Solved: High Humidity and Electronic Equipment

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ozziebeanie

Serena
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Hi everyone :D

Bar installing a humidifier, If one has a piece of electronic equipment which seems to misbehave under highly humid weather conditions, what chemical/spray could be used to dry off the moisture and what product/spray could then be used to seal it off against further moisture attacks?

Any advice great appreciated :)

Beanie
 
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I doubt there is any such protection. Your best bet is to relocate the equipment.
 

ozziebeanie

Serena
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Thanks for answering Elvandil, the problem is the whole house is like this, we have had so much rain which has been continuous for days, everything has a damp feel to it, I am at my dads for Christmas and not sure I will be able to get back home tomorrow to get back to work, because of flooding.

That is how wet it's been, short of buying a humidifier to keep equipment dry, I just thought there might be something else. I have most of my stuff (computer wise) stored here also, which is a worry.

Recon I will keep this open for a bit longer, to see if someone may have come across something that might help, guess I was hoping to come up with a solution that would not cost me hundreds of dollars.

Hope your Christmas went well and the New Year is a blast for you.

Cheers

Beanie
 
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Beanie,
this may not help / work, i'll throw it out there anyway....
on older cars, WAY back when they still had actual distributors in them, instead of coil-packs and such, :eek:
used to, with some more than others, have problems with moisture inside the distributor caps then mix with the arc-burnings between the rotor button and the plug-wire contacts letting the high voltage from the coil to arc to ground, which resulted in said vehicle not starting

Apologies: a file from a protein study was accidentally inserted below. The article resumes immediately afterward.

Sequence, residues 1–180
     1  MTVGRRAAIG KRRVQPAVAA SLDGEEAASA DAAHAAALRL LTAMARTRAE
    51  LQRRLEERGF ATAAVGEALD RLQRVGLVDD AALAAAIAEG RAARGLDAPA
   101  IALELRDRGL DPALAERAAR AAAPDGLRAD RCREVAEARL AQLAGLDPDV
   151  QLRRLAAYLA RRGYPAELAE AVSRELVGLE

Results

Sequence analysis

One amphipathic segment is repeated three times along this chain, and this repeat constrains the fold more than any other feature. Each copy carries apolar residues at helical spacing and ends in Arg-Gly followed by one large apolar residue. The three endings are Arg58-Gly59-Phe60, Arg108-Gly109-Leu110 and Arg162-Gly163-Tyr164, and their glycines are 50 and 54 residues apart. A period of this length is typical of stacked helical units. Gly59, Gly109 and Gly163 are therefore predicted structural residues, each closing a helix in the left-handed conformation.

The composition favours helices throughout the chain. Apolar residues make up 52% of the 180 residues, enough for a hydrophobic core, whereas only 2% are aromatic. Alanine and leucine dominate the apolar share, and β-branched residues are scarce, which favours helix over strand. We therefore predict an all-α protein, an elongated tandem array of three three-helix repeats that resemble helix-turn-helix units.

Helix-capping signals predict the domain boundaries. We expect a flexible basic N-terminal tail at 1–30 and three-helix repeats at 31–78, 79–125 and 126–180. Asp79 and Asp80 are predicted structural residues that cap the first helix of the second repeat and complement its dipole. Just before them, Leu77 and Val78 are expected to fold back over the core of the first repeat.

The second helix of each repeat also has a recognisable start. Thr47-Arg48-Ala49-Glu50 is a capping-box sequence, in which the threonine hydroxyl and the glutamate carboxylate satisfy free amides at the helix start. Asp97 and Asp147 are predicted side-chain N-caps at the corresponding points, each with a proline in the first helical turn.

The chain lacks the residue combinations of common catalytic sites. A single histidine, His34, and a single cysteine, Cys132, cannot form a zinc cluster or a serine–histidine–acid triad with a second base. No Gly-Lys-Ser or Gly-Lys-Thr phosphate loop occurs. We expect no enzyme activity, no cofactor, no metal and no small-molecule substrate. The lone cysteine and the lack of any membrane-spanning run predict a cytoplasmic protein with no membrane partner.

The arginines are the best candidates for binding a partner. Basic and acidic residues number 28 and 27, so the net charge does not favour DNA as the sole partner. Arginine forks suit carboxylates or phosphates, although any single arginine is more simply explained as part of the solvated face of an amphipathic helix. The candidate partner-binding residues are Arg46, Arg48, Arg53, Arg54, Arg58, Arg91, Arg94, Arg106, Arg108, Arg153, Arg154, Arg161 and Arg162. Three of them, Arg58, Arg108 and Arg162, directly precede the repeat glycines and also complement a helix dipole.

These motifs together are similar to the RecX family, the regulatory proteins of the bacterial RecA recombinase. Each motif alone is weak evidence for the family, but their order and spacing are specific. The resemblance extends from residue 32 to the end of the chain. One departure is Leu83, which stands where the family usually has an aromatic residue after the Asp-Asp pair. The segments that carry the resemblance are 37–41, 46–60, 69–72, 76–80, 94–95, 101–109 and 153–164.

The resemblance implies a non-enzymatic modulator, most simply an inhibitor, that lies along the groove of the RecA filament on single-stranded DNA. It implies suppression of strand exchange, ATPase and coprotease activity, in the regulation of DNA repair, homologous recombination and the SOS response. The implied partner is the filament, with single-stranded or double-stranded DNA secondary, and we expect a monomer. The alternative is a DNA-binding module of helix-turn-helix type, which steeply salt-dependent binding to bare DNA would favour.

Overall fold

probably wouldn't do me any good to name brands, you being aussie, me stateside - so - there were products you sprayed on the inside of the cap to 'dry-up' the moisture - alcohol based - to mix with and evaporate it away - and others you then sprayed around where the cap sat on the metal part of the distributor and where the wires went into the cap - just a quick-drying clear paint really - but NOT just any paint - was dielectric

another idea - back in my p2 & p3 overclocking days, i used kelvinators as my cases, they were apartment / dorm sized units - were "frost-free" - meaning it reverse-cycled every so often to melt off the frost from the interior coils - it's suprising how far you can take a p3 when your ambient air is 30°F - a WHOLE lot further than water-coolers can ever hope to achieve!!! :p :cool:

also, many welders use an old refrigerator to store their welding rods in, just set the temp control to where the unit kicks on every once in a while to keep the moisture out of the rod flux-coating - keeps the arc from 'splattering' as you're welding - the flux melts, the moisture EXPLODES into steam - though not so much anymore with the popularity of continuous wire-feed welders and gas as the flux

if any of that is any help Beanie.....
 

ozziebeanie

Serena
Thread Starter
Joined
Jun 24, 2009
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Hello Daniel_b2380

Thanks for your suggestions, I am sure my dad will know what stuff you are talking about, I am back on the coast I managed to get back because of couple of days without rain, I was cut off for a bit there, all this rain is going to cost the government tons of money to get the roads repaired, speed limits where down by half because of all the pot holes on the highways everyone had to dodge.

I will pass on what you said, to my dad he lives in a area where they are getting excessive rain and very humid, more than usual, being at a high altitude does not help either, often he ends up in cloud, it is playing havoc with the equipment, I have since packed my computer equipment I have there, in sealed containers hoping like hell they will be ok and that moisture does not still get into them.

I will mark this as solved, thanks again

Beanie
 
Joined
Jan 31, 2003
Messages
2,392
Beanie
after some more thought....
by chance, did you throw ALL those little paper packages away that were in with the electronics stuff you got at work, or for your own use?

look this up: desiccant
http://en.wikipedia.org/wiki/Desiccant

at the bottom under 'external links' is a link to a usage chart and a calculator
 

ozziebeanie

Serena
Thread Starter
Joined
Jun 24, 2009
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1,448
hahahaha never thought of using those, good one, we are looking at both options, thanks Daniel_B2390

Cheers

Beanie
 
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